There's no shortage of tech deals to choose from this holiday season. The hard part is figuring out what to buy.
Just looking at the specs -- 4K UHD TVs, 1080p displays, quad-core processors -- is enough to give you a holiday hangover.
Considering the sheer number of items on sale starting this week -- Walmart alone has 11 TV deals -- you'll want to be an informed shopper.
According to the Consumer Technology Association, TVs and laptops top the list of what shoppers will look for this holiday season, followed by smartphones, video games, tablets and headphones.
To make it easier, we've rounded up what you should keep in mind -- and other tips, like where to buy the cheapest Apple (Tech30) products -- before reaching for your wallet. ,
About 98% of U.S. households own a TV -- and the average house has three. When you're shopping for a new one, first consider where it will go and why you want it. Will it be your flagship set in the living room, or is it destined for the guest bedroom or kitchen?
The living room: If you want all the new bells and whistles, consider a 4K display, also known as Ultra HD. This means the resolution -- 3,840 by 2,160 pixels -- is four times that of an HDTV. You'll get a super crisp picture and be ahead of the trend.
"We're excited 4K TVs will finally see significant discounts, but shoppers should know that options for 4K content are still limited," said Benjamin Glaser, editor at DealNews.
You'll still be able to watch TV on a stunning display, but most entertainment companies aren't yet producing content specific for a 4K TV's resolution.
Beyond display, keep these specs on your radar: Smart capability -- so you can stream content from the web -- and HDMI ports, if you're planning to connect other devices to it. The price points will be dictated by these features, as well as screen size.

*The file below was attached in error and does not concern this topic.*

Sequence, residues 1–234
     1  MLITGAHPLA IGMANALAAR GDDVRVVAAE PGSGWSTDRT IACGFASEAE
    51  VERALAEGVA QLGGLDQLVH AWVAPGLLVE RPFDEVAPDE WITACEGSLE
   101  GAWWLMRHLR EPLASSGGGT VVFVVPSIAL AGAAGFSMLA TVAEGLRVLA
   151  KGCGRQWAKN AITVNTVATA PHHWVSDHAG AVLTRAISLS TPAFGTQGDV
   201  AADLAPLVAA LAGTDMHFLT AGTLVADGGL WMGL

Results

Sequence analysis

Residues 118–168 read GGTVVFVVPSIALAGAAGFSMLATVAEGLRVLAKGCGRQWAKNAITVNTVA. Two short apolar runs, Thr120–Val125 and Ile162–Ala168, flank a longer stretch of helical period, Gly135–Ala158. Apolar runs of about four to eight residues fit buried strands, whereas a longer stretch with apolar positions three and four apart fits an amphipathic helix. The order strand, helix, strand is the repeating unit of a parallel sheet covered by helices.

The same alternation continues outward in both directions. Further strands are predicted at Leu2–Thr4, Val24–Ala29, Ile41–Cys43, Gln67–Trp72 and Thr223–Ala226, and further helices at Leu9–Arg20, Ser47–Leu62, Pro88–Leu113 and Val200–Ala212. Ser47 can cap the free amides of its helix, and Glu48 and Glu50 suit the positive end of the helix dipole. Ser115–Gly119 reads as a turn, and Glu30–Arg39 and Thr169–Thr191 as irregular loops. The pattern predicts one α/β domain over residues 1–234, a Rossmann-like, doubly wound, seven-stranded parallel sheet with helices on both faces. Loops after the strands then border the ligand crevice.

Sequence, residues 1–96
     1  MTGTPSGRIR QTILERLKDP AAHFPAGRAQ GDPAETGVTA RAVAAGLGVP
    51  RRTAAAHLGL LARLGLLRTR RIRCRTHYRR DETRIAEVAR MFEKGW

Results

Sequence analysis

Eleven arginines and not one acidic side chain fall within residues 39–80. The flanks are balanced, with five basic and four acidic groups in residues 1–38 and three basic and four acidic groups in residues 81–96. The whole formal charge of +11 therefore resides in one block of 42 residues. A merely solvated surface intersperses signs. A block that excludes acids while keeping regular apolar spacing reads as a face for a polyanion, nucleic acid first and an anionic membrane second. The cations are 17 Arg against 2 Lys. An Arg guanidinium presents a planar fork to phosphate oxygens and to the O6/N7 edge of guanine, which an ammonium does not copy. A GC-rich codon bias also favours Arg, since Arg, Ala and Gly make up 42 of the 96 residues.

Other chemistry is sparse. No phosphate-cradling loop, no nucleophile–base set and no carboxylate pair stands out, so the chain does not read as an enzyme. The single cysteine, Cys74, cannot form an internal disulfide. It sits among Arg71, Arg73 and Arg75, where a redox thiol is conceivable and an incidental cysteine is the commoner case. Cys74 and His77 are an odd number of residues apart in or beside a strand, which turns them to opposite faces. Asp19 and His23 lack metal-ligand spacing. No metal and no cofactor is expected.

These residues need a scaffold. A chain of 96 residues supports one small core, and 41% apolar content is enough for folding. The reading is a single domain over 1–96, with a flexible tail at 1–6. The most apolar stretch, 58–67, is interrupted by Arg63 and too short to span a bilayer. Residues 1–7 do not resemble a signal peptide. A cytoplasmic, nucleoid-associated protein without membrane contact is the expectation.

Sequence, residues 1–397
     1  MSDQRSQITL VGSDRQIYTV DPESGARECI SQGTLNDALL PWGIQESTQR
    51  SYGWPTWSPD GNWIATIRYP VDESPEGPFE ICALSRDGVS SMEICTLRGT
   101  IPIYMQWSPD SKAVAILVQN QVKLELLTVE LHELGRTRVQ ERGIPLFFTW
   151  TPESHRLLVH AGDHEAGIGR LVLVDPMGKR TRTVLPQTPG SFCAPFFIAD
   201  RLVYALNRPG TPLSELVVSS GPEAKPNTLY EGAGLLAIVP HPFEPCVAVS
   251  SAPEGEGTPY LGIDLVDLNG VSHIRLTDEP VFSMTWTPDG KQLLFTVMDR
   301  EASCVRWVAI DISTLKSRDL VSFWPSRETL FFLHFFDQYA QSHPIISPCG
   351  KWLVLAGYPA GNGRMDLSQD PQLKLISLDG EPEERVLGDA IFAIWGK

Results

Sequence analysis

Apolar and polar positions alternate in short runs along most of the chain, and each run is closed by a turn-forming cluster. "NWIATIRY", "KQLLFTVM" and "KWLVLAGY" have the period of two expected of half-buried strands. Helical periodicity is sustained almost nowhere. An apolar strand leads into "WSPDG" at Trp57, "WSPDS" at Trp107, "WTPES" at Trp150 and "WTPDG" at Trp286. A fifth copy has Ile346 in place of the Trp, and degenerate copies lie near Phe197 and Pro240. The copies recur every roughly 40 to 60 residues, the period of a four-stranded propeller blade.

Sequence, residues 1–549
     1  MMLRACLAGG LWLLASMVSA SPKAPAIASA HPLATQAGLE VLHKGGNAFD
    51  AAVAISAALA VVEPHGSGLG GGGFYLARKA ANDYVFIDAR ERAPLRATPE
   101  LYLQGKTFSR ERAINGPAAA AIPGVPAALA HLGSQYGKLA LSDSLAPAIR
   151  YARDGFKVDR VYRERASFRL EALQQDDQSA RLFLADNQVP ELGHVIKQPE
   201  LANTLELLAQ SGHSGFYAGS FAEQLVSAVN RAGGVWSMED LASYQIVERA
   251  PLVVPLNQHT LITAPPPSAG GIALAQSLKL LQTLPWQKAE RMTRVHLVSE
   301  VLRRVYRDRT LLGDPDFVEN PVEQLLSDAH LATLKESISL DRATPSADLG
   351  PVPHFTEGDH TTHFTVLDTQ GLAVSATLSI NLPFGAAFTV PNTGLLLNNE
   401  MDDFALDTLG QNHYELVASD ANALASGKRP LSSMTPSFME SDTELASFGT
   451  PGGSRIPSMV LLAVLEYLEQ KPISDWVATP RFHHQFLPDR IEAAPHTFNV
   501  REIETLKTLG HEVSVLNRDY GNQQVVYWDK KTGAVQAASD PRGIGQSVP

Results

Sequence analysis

Your second TV: You can still find solid 4K options for less money. Walmart is offering a 43-inch 4K Ultra HD Smart TV for $199. Standard HDTVs are very affordable this season, too. Smaller HDTVs (32 inches) can get you even closer to $100.
You may know off the bat whether you want a Windows, Mac or Google Chrome operating system, but the options within any of those are vast. The three things you need to decide on are screen size, hard drive space and computer processing capability.
Size: If you'll be lugging it around often, you might want a smaller 11-inch or 13-inch laptop. 15-inch laptops are great for the home or power users.
Brands: If you're a student or just want a computer to surf the web at night, go for a Google Chromebook. These cloud-based computers, which run on Google apps (like Google Docs and Sheets), can cost less than $200. But they're limited, with no hard drive space. If you plan to edit photos or video, look elsewhere. Some retailers are offering discounts on MacBook Air laptops -- Best Buy is selling the 13-inch MacBook Air for $999 -- but don't expect major deals around Apple's more powerful MacBook Pro line.
Processor: According to Glaser, the best value this year is for 15-inch laptops with Skylake or Broadwell Intel processors for about $300.
"There is a more current Intel processor (Kaby Lake), but it is mostly in high-end laptops that will be less affordable, and also more powerful than most users need," he said.
If you'll be using a computer for gaming or heavy-duty work, you'll want a dual-core or quad-core processor. Each core performs tasks, so a dual-core processor can handle two tasks at a time -- like browsing the web and downloading a file simultaneously -- while a quad-core can handle four and offer better performance.